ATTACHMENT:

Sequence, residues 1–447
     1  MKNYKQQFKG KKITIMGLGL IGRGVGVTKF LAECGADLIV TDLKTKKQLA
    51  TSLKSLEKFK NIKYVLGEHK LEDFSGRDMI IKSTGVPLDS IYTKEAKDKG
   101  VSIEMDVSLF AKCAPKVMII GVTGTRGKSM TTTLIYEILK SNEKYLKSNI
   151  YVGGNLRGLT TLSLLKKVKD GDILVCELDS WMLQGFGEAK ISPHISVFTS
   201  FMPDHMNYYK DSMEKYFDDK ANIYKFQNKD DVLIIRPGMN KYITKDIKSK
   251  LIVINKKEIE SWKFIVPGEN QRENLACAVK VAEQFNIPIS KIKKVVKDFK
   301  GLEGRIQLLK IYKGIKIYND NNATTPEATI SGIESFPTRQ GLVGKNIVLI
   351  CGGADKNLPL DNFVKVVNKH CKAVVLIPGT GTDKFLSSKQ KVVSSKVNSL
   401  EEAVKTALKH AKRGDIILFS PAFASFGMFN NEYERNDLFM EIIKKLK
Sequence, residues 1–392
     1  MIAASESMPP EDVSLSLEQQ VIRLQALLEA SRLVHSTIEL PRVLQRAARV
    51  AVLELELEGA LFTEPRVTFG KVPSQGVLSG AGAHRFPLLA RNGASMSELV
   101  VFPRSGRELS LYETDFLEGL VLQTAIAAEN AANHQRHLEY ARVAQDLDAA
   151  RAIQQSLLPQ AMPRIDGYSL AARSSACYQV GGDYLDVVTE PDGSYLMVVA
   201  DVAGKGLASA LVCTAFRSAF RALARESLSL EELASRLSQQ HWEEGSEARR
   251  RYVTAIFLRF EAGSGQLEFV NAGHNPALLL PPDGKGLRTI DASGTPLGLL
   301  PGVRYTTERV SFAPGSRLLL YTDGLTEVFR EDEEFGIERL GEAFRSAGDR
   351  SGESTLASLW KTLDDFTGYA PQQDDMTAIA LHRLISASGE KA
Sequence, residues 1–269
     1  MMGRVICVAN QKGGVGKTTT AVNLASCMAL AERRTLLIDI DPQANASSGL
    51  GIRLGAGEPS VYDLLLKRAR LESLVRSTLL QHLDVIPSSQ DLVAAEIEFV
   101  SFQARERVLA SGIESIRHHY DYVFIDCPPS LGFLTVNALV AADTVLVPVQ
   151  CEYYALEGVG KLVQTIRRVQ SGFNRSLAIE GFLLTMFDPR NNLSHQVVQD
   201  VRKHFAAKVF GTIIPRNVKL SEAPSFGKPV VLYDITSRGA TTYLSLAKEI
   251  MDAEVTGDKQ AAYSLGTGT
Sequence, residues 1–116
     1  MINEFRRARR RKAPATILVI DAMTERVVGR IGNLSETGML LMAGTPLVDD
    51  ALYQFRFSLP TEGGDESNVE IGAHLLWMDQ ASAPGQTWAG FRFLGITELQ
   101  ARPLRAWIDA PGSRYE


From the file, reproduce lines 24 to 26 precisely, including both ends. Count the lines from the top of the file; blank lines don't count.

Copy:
   151  CEYYALEGVG KLVQTIRRVQ SGFNRSLAIE GFLLTMFDPR NNLSHQVVQD
   201  VRKHFAAKVF GTIIPRNVKL SEAPSFGKPV VLYDITSRGA TTYLSLAKEI
   251  MDAEVTGDKQ AAYSLGTGT